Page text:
In his paintings Tomm El-Saieh explores the relationship between contemporary abstraction and traditional Haitian representational painting. Using a meditative frottage technique, El-Saieh rubs a partially dried paintbrush in rhythmic patterns onto the primed canvas. The resulting forms, washed-out dots and lines, create networks of marks, at times resembling subtle graphic formations or aerial views of landscapes.

While Haitian painterly traditions are typically rooted in figuration, El-Saieh’s nonrepresentational works retain certain elements and peculiarities of this tradition: dots and marks, color palette, and a sense of rhythm in the paint application. The marks of The Look (Ant’s Tits), in vibrant pinks, greens, blues, and yellows, create a dense pattern across the surface of the canvas, in some sections resembling animal tracks or a map. These suggestions are strengthened by the patterning’s effect of creating a constant confusion of scale. While “The Look” references the title of a 2014 exhibition organized by El-Saieh that surveyed the works of Haitian and diaspora artists challenging the traditional understanding of Haitian art, “ant’s tits” refers to a Haitian proverb that, given enough patience, one might see an ant’s tits.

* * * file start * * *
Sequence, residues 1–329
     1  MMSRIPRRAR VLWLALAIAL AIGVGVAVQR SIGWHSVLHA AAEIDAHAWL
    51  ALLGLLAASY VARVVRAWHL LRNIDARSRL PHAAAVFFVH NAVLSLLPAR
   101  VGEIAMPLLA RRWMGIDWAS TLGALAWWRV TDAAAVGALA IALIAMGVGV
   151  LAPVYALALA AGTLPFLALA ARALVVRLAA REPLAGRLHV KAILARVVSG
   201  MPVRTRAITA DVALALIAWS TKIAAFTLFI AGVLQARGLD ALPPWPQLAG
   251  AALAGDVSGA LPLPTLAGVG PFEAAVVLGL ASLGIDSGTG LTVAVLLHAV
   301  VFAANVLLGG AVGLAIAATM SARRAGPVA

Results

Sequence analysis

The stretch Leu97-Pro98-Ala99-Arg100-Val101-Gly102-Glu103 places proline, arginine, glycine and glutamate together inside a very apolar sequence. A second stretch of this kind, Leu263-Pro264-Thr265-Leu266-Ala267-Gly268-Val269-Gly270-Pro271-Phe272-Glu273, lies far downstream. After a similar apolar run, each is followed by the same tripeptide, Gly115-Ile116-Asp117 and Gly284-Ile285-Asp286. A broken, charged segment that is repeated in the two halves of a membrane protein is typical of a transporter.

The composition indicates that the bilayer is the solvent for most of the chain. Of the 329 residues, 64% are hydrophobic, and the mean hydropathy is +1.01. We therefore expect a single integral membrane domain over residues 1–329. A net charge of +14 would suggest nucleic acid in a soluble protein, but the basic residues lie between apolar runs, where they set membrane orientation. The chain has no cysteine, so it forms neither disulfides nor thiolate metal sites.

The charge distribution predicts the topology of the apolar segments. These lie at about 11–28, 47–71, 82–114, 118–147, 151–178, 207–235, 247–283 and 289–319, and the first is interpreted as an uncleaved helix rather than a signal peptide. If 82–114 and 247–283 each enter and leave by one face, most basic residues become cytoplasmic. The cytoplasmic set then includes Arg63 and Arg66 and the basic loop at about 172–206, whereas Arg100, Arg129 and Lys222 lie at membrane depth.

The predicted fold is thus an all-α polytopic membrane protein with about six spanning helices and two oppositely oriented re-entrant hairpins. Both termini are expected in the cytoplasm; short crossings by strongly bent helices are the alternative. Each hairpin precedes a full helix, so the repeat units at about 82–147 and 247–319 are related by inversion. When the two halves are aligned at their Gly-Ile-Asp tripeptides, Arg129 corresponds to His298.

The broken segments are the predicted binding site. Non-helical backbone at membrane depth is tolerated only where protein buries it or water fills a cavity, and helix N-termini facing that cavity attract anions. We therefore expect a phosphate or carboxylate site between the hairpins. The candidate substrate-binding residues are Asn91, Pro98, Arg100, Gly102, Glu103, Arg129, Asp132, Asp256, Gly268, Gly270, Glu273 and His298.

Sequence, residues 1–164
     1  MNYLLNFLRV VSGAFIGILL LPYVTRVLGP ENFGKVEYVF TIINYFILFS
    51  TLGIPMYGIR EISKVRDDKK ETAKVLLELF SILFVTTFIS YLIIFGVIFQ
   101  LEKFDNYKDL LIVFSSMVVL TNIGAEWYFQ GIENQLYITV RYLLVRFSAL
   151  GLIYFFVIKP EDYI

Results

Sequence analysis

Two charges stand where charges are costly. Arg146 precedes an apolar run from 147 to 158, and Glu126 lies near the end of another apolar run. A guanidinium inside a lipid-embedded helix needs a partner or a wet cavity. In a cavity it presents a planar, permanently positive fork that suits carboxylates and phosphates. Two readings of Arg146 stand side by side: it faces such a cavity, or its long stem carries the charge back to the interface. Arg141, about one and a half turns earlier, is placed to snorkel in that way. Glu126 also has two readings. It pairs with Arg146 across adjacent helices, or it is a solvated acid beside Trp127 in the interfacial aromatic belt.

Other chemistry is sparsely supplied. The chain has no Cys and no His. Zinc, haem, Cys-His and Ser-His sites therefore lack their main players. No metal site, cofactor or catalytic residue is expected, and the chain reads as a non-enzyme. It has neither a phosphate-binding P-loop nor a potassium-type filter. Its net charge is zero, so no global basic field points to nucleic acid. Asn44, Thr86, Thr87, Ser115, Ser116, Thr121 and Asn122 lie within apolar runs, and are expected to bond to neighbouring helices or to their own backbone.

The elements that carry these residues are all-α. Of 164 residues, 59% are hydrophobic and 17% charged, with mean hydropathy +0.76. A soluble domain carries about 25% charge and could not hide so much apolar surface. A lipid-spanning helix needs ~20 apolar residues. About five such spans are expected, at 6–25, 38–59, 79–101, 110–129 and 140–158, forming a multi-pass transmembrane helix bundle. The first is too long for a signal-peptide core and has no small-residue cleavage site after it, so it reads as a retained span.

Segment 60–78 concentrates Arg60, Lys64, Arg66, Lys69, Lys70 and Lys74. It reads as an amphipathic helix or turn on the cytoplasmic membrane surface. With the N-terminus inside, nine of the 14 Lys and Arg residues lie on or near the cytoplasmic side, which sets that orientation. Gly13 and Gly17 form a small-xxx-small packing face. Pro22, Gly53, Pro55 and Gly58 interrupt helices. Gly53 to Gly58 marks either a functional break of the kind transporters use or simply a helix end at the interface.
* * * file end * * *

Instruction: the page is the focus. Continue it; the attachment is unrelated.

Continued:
El-Saieh (b. 1984, Port-au-Prince) studied at the New World School of the Arts, Miami, and currently directs the El-Saieh Gallery in Port-au-Prince. His work has been featured in solo exhibitions at the Institute of Contemporary Art, Miami (2017); Central Fine, Miami Beach (2015 and 2018); and the Haitian Hertiage Center, Miami (2008), among others. Recent group exhibitions include the 2018 Triennial: “Songs for Sabotage,” New Museum, New York.